The action is fine, the neck is straight, the top is flat, and of course playing music for 43 years has made that Guild sound even better, more resonant, and more powerful. Despite its very good structural condition, this guitar is not for a collector to put in a museum; this is a player’s guitar, and I sincerely hope that its next owner is someone who will play it well and often.
The case is definitely the original deluxe hard shell case, which naturally fits this guitar’s dimensions perfectly. It is in excellent shape, inside and out, with a nice plush interior, slightly tarnished brass hardware which functions perfectly, and the Guild displayed inside the pocket. The handle is solid, and it affords outstanding vintage protection for this fine vintage guitar.
Buyer pays a flat rate of $55 for insurance and shipping to the lower forty-eight states; shipping costs elsewhere will be negotiated as necessary. Payment by Paypal is preferred; cashier’s checks are acceptable, but checks must clear before the guitar will be shipped.
I have tried to be perfectly clear and accurate in describing this vintage instrument, so its return will not be accepted unless it can be shown that it was egregiously misrepresented in this listing. Please check out the pictures and ask any questions you might have before offering to purchase it.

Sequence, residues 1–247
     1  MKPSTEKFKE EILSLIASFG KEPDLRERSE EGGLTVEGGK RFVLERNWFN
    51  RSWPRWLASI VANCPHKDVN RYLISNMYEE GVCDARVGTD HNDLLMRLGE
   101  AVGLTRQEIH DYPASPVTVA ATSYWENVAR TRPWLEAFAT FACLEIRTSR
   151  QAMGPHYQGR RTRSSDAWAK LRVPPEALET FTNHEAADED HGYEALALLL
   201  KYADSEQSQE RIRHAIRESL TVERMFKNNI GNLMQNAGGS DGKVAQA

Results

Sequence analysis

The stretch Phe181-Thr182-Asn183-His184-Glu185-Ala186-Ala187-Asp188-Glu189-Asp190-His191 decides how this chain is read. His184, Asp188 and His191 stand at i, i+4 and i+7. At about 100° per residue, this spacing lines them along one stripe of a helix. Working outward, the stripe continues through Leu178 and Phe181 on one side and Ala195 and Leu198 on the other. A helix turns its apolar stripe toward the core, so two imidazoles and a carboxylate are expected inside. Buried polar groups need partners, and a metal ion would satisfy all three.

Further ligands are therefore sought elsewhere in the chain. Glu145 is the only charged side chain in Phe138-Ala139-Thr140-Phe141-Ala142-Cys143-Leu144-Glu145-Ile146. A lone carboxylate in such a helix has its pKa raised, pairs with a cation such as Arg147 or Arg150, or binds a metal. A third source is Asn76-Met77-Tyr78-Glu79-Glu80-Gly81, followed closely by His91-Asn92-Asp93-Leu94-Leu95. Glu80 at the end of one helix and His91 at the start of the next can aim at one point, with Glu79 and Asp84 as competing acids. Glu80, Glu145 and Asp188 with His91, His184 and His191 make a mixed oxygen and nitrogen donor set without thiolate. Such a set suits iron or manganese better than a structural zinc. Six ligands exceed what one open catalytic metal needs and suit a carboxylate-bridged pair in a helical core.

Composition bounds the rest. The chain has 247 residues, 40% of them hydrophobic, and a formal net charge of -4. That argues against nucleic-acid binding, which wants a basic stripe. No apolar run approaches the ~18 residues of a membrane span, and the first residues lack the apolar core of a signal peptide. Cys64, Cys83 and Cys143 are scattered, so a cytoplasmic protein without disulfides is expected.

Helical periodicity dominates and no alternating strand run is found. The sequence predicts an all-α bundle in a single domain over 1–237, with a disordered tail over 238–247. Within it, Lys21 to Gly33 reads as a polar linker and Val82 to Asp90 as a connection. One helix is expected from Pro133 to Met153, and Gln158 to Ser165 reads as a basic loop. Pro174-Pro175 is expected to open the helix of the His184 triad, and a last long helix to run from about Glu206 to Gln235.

Thank you for your interest in this fine vintage Guild guitar.
Payments by Paypal, cashier’s checks, money orders, or personal checks are acceptable, but all payments must clear my bank before the guitar will be shipped. I will CONSIDER reasonable offers, even including installment payments and trade-ins, but generally since I already attempt to price my guitars very competitively, unusual deals must be unusually sweet.
From henceforth [that's how retired English teachers talk], insurance and shipping to the lower 48 states is $55 due to constantly rising shipping costs unless a specific listing says otherwise; shipping costs elsewhere will be negotiated as necessary. I have sold guitars to Russia, Japan, Australia, and over 50 other countries, as well as almost every state in the USA. Since some of my guitars travel thousands of miles, I take care to use lots of packing materials, protect the neck inside the case, and of course de-tune the strings.
I make every effort to describe and illustrate each guitar and case with scrupulous accuracy. However, many of my instruments are well-played vintage items which are many years old, and I am not a luthier. One should assume that any guitar will require some set-up to satisfy your personal requirements, and that not every flaw or ding will be seen/recognized/described in the listing. Thus the return of an instrument will not be accepted unless it can be shown that it was egregiously misrepresented in this listing. Please read the listing carefully, check out the pictures, and ask any questions you might have before offering to buy.